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Conservatives search the Capitol for damage to building or its art

Barbara A. Wolanin didn’t leave her television much Wednesday afternoon, looking terrified, she said, as hundreds of Trump rioters rushed into the rotunda of the U.S. Capitol building where eight large paintings historical framed are hanging.

She was once a curator for the architect of the Capitol, the office that preserves and maintains the art and architecture of the building. She knew much better than most of the horrible possibilities that presented themselves.

What if the rioters reduced John Trumbull’s “Declaration of Independence,” one of the great paintings from the early 1800s that depicts the Americans’ struggle for freedom? Or smashed the bronze bust of Reverend Dr. Martin Luther King Jr.?

“All the art of the Capitol is essentially visible,” said Dr Wolanin, 77, who was curator of the Capitol architect from 1985 until his retirement in 2015. “There isn’t a lot of hidden things. “

For nearly four hours, the collection she had spent more than 30 years caring for was at the mercy of a mob that broke into rooms on the south side of the Capitol (including the office of the President of the Nancy Pelosi Room), smashed windows and then walked through National Statuary Hall, waving American, Confederate and “Trump is my President” flags.

Their stay in the building is now represented by the damage they left behind. A 19th-century marble bust of former President Zachary Taylor was spotted with what appeared to be blood. A photo frame was left on the ground, the image disappeared.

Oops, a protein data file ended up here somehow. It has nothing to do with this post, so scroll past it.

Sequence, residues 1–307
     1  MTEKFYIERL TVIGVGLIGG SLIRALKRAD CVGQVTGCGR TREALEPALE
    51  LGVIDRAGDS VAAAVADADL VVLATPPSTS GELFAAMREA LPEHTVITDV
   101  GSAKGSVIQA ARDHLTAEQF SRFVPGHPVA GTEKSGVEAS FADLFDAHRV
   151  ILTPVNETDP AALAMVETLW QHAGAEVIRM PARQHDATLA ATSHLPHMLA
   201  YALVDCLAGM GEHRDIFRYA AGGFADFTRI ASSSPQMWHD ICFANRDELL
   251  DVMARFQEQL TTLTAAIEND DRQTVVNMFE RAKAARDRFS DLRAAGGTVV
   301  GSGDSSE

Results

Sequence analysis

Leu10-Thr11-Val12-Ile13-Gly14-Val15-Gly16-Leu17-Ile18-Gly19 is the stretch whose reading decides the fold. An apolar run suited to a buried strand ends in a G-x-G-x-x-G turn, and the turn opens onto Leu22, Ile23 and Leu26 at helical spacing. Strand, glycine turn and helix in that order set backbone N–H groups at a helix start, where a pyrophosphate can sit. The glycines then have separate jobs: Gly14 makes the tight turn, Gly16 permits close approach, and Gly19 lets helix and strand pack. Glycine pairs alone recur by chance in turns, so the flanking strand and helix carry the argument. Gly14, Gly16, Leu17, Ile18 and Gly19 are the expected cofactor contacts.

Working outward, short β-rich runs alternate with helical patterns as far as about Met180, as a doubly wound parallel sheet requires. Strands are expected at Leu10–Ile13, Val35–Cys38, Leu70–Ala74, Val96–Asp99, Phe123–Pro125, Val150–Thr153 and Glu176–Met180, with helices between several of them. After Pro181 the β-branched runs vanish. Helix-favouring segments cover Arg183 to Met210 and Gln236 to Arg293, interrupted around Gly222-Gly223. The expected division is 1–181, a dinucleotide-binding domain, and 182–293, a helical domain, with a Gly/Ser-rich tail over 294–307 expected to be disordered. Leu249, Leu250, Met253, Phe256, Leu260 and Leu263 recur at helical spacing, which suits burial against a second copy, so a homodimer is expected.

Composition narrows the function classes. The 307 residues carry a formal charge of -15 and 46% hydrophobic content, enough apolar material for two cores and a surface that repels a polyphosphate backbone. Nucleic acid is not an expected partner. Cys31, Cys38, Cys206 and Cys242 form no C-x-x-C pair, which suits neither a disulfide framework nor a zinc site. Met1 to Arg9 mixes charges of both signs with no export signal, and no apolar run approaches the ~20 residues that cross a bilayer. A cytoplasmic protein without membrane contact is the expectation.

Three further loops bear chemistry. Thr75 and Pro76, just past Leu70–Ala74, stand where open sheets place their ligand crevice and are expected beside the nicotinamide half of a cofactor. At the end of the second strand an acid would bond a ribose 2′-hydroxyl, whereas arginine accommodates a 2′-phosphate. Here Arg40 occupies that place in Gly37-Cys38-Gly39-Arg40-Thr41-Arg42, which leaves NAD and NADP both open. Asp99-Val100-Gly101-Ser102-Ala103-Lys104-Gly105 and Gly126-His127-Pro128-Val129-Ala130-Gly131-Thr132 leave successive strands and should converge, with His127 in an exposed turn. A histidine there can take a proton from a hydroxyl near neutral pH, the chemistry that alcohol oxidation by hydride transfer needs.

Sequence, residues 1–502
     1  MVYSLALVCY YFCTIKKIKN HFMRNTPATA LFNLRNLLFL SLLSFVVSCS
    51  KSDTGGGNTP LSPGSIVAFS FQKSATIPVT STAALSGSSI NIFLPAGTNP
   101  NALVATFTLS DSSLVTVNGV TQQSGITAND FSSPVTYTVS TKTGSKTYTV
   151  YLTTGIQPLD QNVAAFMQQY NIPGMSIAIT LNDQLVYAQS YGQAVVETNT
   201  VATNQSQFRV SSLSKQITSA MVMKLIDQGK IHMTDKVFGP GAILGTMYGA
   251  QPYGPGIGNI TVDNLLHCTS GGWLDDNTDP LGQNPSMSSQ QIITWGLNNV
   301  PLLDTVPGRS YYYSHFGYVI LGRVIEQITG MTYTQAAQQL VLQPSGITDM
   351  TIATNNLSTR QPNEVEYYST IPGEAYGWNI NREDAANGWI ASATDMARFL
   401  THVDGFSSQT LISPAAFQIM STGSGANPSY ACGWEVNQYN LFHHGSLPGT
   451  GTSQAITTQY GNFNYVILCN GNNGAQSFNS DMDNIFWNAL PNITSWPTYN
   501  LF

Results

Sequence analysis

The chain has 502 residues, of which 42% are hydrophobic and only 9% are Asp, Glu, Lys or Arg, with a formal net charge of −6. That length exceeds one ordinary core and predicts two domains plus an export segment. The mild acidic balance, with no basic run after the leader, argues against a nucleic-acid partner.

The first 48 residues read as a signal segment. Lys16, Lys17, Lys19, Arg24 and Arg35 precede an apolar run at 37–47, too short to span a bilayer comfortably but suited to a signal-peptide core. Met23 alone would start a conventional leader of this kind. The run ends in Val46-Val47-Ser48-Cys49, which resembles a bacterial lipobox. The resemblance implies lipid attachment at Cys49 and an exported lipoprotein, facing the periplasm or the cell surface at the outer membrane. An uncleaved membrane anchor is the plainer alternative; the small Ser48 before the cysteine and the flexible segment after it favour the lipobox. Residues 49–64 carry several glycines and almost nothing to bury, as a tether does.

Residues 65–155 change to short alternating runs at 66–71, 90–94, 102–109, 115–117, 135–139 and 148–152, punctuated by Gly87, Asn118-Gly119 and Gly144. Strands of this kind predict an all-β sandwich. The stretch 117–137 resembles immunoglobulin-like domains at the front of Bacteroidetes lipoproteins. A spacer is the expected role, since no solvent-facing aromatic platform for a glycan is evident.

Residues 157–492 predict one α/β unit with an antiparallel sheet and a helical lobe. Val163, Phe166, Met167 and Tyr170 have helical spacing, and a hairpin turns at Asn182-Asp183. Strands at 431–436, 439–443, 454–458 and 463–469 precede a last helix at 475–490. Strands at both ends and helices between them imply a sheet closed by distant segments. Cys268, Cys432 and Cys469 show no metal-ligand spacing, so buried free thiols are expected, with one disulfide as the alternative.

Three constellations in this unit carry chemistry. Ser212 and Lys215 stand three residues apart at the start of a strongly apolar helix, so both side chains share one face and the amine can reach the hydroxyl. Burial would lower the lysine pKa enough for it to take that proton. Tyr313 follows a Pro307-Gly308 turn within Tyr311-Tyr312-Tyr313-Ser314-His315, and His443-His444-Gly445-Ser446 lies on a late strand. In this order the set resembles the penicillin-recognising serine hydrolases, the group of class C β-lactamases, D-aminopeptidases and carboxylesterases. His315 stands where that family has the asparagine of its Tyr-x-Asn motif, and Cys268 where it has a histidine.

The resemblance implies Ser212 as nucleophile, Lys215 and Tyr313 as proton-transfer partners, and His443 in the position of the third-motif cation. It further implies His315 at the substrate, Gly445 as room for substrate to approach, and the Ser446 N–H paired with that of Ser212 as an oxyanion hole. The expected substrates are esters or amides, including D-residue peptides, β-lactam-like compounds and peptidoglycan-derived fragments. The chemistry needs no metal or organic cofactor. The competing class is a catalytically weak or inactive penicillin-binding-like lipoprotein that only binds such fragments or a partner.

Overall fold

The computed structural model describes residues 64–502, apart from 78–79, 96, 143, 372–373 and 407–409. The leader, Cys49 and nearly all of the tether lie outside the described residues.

The photos and videos, some taken indoors by the rioters themselves, were startling. One man crammed a framed photo of the Dalai Lama into his backpack, while another smoked marijuana in a room with maps of Oregon on the wall. A man in a leather jacket tore up a parchment with Chinese characters.

“Yeah, look at all that fancy furniture they have!” said a man in a winter parka and a red hat.

By the time Capitol Police secured the building at around 6 p.m., the windows and doors of the historic building had been smashed, offices had been ransacked and some furniture had been damaged, knocked over or looted.

Detailed damage assessments from the Capitol Architect or the U.S. Capitol Police have yet to be released. But the singular works of art that curators regard as the building’s treasures do not appear to have sustained major damage.